We will see more evidence-backed approaches to immune health, with metabolic health, the microbiome, and personalized nutrition becoming crucial—along with more experimentation with everything from “positive stress” experiences to intermittent fasting for immune resilience. And immunity programs at travel destinations will go deeper, more medical, with interventions that matter more than “immune-boosting” menus and IV drips.

After a long 2020, people are aware that their immune health is a holistic affair, that food and the microbiome are lynchpins, and that “slow” not “hyper” strategies are the difference-makers. People will keep gobbling trendy quick-fixes in trendy bottles, but they’re ready for more. A wellness industry newly focused on the hard—and fast-evolving—immune science could extend and save many lives. And help its own reputation along the way.

Spiritual and Numinous Moments in Architecture

 

In recent years, a storm of studies has demonstrated the powerful connection between the built environment and our physical health, and a new “wellness architecture” sector has taken off, heavily focused on functional design moves, whether circadian lighting or air purification.

What has been glossed over is design that can tap into and nurture our spirituality. In 2021, we will see new attention paid to creating everyday spaces that can incite sacred and numinous moments, that elevate our consciousness and potential, and ground us in gravitas in the midst of a mindless, consumerist society. Architecture and design will move up Maslow’s Pyramid, from our recent era of look-at-me, visually ostentatious fads like luxury McMansions to a new architecture reaching for the “Self-Actualization” tier—a built environment that can move our souls.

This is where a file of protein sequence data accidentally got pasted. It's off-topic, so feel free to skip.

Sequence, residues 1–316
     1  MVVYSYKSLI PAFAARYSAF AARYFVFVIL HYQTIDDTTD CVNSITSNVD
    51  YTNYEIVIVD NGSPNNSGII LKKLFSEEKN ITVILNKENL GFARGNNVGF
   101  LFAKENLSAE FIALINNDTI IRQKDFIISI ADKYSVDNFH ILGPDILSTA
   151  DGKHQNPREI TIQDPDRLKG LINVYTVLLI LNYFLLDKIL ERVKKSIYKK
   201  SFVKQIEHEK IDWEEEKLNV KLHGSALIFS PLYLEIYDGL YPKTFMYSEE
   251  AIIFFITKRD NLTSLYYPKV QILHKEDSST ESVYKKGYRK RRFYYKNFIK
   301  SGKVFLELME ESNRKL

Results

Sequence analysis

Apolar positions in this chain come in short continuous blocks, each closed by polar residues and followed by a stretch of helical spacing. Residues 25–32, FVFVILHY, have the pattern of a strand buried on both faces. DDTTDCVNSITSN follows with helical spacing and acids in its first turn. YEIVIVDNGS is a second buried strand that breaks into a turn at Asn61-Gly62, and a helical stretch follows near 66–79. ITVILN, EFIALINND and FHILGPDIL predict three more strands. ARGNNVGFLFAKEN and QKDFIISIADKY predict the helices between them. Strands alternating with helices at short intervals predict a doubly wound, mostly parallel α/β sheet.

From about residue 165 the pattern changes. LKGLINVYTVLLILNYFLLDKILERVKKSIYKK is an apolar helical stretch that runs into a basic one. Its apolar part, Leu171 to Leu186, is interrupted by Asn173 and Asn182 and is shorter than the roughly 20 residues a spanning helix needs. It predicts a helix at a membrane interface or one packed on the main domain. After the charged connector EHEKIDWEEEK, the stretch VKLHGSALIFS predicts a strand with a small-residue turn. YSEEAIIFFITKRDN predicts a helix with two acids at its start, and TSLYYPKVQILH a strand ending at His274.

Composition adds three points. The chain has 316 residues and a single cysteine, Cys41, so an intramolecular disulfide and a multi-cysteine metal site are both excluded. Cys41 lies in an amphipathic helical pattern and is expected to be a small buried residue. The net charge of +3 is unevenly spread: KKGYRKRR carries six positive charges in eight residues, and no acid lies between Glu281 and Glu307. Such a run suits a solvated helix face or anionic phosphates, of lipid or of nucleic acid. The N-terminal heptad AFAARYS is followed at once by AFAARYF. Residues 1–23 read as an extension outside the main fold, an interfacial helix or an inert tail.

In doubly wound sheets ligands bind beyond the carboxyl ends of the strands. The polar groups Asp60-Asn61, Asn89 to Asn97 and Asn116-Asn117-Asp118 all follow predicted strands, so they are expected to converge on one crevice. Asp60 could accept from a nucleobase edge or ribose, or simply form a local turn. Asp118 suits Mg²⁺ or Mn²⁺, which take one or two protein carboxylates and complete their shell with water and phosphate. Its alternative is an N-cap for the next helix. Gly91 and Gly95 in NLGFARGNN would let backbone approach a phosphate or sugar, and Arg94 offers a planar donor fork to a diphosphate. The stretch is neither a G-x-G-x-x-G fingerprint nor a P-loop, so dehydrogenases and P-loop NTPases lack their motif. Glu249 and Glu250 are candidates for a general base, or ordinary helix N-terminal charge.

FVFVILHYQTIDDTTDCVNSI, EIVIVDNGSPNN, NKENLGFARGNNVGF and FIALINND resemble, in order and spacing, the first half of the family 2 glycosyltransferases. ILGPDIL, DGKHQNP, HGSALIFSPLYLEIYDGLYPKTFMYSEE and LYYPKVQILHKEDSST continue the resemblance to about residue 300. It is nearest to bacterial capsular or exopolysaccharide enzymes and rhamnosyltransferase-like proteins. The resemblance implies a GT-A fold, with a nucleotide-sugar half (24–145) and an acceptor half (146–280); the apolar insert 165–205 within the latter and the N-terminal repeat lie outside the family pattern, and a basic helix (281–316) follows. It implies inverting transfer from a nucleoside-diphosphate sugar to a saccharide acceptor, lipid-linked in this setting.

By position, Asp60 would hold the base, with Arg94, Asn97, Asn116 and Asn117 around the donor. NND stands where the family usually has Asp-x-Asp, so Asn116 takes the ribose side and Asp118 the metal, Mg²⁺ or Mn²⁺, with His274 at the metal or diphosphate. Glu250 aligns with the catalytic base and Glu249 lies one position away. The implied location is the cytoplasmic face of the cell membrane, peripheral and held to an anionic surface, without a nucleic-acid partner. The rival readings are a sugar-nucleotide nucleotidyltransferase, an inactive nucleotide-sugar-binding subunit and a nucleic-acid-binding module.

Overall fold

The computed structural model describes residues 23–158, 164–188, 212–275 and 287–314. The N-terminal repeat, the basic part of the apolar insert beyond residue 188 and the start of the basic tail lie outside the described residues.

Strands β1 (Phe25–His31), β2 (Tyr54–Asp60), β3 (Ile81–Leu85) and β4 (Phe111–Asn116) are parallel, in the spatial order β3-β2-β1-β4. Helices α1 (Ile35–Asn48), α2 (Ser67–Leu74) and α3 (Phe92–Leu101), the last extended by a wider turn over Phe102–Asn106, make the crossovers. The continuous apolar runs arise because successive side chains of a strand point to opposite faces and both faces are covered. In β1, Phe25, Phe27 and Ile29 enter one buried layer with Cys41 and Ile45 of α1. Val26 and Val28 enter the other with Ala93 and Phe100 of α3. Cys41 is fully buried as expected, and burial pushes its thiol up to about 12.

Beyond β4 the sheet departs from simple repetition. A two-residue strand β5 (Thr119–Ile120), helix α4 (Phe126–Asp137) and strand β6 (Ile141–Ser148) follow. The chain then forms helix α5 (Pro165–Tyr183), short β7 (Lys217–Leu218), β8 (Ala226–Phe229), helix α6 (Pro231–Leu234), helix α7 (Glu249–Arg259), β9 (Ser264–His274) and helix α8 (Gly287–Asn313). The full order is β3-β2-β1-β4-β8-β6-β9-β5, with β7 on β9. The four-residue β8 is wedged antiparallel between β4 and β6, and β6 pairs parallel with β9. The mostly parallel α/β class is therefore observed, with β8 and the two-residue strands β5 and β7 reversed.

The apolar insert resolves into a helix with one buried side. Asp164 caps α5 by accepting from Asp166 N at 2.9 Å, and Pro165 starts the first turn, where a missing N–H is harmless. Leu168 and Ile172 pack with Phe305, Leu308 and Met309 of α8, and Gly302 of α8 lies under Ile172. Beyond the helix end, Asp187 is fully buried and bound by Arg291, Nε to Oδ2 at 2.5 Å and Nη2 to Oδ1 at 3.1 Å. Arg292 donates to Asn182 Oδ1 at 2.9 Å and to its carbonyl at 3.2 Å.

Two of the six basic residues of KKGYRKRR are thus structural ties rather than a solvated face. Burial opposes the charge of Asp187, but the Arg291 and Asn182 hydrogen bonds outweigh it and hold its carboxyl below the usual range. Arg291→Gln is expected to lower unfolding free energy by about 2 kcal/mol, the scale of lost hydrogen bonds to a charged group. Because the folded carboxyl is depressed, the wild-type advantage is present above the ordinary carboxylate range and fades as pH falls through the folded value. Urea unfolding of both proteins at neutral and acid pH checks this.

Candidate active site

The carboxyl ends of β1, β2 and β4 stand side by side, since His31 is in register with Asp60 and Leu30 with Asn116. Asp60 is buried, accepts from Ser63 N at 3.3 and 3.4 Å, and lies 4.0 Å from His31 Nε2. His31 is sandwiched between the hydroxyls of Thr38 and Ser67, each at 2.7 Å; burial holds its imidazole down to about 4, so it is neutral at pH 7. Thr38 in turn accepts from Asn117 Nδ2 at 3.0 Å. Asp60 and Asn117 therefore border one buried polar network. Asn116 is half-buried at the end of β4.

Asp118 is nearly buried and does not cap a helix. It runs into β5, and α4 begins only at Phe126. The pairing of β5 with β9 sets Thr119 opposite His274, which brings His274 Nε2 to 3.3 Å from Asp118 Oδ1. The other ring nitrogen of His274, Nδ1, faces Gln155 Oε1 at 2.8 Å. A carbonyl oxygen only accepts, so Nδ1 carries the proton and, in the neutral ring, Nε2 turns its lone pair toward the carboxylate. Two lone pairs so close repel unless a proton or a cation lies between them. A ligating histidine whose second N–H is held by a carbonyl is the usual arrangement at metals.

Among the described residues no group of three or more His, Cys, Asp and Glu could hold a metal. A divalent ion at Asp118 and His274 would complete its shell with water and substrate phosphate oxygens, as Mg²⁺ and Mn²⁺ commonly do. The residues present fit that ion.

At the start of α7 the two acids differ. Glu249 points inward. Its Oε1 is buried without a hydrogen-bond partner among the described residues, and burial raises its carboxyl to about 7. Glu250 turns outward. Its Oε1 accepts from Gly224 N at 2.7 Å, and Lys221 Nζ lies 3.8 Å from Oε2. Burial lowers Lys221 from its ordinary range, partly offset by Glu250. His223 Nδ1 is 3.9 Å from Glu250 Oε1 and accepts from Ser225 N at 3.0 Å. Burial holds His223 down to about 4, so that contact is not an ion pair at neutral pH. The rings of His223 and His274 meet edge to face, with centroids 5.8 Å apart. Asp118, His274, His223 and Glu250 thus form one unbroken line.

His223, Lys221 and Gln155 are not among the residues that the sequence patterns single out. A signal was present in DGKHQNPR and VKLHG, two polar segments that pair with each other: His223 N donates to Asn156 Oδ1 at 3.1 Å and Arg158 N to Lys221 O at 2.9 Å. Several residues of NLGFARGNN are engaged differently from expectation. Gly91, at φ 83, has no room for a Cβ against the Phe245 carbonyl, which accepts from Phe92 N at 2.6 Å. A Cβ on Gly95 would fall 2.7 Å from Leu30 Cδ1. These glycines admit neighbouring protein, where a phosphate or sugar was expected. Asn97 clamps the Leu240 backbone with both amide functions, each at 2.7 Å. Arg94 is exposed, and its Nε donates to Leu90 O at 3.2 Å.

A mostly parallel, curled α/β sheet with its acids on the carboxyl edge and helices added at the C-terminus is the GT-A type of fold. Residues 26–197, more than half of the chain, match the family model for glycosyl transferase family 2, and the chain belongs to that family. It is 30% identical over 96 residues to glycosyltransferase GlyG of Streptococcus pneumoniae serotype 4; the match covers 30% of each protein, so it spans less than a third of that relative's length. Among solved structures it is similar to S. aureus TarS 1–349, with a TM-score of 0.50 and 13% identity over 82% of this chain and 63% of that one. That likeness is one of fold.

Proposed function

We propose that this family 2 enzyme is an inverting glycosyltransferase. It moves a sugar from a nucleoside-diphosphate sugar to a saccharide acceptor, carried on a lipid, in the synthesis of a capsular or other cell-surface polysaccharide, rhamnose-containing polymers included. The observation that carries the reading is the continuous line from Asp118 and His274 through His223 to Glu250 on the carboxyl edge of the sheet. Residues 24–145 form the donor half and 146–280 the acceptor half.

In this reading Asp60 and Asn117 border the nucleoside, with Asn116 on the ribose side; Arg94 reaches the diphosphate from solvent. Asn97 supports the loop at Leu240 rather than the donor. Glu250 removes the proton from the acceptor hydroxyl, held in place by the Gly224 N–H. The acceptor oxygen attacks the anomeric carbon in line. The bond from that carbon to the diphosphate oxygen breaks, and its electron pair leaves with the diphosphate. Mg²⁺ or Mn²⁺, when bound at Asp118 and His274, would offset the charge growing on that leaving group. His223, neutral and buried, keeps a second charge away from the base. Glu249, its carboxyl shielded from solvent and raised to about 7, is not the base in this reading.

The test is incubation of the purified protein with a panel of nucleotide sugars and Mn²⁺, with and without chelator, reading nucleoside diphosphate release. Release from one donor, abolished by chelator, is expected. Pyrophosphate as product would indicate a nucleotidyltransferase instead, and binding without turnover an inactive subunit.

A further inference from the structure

Spiritual wellbeing is an inextricable part of a well life and rightfully deserves more design consideration and designated spaces in our homes, workplaces, communities and urban landscapes. The full report gives rich detail on examples, including thin places, ancient revivals, “nudge architecture,” and creating spiritual homes.

Just Breathe!


Contrary to popular belief, you don’t need to know where your chakras are or what a didgeridoo sounds like to do breathwork. An increasing number of clinical studies from major universities like Harvard, Stanford and Johns Hopkins are putting science and data behind something we’ve actually known for centuries—the way we breathe has profound effects on our mental and physical health and abilities. It might even help us strengthen our immune systems.